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Variability in the Geometric Accuracy of Additively Manufactured Test Parts

Published

Author(s)

April L. Cooke, Johannes A. Soons

Abstract

Results of a study on the variability in the geometric accuracy of a metal test part manufactured by several service providers using either electron beam or laser based powder bed thermal fusion processes are described. The part was a circle-diamond-square with an inverted cone that is used to evaluate the performance of five-axis milling machines. The study was conducted to aid development of standardized parameters and test methods to specify and validate the performance of additive manufacturing systems. Without such performance evaluation standards, it is difficult to match system capabilities with part requirements and ensure consistent part quality across systems, operators, and manufacturing facilities.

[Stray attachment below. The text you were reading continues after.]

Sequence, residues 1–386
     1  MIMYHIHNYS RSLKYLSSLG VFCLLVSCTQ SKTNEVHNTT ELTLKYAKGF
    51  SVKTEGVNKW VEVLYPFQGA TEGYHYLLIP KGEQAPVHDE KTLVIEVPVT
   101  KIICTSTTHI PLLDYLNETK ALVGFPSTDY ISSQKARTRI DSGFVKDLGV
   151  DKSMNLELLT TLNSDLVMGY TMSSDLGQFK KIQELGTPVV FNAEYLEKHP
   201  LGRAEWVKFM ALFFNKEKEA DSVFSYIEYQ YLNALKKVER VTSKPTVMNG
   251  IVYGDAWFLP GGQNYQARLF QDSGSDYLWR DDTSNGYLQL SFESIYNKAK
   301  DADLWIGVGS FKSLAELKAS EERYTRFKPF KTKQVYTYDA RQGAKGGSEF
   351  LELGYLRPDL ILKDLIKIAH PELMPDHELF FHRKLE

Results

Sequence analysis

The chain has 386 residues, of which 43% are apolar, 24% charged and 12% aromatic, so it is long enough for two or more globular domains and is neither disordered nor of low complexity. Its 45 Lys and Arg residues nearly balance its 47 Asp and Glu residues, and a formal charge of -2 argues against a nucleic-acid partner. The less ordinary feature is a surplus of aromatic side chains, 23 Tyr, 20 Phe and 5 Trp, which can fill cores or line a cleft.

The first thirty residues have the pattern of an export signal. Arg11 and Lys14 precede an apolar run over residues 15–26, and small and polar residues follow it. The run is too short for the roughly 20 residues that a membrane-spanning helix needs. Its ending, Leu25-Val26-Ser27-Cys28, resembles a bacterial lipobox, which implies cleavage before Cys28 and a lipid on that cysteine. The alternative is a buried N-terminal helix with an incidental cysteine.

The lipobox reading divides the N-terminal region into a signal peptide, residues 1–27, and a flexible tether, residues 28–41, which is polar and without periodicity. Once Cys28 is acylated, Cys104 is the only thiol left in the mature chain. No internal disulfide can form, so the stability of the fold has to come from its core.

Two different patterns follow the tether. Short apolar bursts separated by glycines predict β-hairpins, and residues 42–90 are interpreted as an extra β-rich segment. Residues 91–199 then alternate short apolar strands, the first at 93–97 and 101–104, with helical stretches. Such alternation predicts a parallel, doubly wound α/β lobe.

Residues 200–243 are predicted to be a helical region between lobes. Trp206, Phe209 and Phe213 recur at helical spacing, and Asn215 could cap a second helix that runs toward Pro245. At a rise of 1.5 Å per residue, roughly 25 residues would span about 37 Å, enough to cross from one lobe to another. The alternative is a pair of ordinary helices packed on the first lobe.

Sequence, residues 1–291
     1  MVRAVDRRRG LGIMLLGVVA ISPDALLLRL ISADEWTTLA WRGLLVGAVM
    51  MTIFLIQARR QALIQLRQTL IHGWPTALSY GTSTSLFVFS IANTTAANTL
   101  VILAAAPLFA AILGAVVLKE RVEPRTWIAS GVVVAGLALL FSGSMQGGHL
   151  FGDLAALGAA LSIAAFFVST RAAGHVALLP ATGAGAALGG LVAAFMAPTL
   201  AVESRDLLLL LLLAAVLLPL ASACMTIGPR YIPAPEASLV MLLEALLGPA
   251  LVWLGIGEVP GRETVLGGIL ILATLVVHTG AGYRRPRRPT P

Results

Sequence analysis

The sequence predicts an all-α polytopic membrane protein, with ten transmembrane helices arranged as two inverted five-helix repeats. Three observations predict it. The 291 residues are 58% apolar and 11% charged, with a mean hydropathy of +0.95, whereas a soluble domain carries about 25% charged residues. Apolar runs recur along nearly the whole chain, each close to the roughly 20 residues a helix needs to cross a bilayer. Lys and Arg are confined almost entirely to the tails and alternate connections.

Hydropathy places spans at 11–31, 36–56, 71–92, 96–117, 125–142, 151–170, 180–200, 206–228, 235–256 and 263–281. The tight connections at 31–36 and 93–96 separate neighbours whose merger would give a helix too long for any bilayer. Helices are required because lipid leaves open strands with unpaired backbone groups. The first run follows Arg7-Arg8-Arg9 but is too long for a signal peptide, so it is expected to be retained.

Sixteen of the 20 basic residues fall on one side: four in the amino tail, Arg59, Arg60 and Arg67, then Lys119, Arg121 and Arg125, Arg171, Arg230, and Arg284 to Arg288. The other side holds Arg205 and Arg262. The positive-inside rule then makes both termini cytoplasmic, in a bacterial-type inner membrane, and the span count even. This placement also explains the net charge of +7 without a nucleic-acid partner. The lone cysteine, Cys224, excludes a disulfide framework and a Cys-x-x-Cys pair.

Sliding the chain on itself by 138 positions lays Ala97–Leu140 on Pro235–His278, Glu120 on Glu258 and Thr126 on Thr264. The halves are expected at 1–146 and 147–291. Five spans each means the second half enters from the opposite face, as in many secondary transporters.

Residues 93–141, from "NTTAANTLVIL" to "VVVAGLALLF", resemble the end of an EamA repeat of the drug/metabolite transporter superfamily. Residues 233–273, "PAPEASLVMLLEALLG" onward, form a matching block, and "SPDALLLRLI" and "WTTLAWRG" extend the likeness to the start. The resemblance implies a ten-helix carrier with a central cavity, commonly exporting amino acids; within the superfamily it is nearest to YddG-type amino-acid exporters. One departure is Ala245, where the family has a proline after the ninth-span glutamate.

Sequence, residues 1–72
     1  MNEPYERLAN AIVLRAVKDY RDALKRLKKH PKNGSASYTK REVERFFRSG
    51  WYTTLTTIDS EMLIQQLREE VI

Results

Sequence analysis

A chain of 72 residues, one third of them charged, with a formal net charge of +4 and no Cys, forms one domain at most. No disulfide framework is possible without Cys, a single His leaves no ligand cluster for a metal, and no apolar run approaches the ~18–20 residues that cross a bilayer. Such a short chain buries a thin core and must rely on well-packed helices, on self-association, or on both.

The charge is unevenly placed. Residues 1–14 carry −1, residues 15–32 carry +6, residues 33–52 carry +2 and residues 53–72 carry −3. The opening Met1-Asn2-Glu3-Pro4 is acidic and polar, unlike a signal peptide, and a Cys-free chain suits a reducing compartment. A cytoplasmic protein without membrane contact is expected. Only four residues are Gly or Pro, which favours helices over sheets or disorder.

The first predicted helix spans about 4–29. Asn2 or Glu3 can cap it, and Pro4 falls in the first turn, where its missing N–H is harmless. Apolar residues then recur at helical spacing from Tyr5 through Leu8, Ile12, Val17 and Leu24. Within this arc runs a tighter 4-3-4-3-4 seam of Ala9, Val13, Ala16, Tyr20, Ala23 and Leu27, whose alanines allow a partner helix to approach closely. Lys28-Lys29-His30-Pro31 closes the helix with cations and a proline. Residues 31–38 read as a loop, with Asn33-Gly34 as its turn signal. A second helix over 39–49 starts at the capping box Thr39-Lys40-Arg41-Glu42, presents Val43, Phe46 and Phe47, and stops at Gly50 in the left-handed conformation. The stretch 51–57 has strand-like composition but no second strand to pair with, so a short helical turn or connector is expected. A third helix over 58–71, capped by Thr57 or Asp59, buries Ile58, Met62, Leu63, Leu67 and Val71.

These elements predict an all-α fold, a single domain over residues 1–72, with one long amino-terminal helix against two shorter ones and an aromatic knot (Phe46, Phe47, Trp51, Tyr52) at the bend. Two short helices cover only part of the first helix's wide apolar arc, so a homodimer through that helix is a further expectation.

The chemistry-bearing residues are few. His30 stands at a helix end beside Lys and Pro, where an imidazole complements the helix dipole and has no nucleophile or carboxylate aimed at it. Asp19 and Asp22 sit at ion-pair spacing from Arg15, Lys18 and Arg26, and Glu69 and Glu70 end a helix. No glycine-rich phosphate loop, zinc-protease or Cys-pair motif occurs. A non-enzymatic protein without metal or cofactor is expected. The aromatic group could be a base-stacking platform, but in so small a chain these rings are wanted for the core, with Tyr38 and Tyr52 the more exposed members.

Proceedings Title
The 21st Annual Solid Freeform Fabrication Symposium: An Additive Manufacturing Conference
Conference Dates
August 9-11, 2010
Conference Location
Austin, TX

Keywords

Additive Manufacturing, Rapid Prototyping, Machine Tool Performance, Machine Tool Standards, Part Accuracy

Citation

Cooke, A. and Soons, J. (2010), Variability in the Geometric Accuracy of Additively Manufactured Test Parts, The 21st Annual Solid Freeform Fabrication Symposium: An Additive Manufacturing Conference, Austin, TX, [online], https://tsapps.nist.gov/publication/get_pdf.cfm?pub_id=906639 (Accessed April 24, 2024)
Created August 9, 2010, Updated February 19, 2017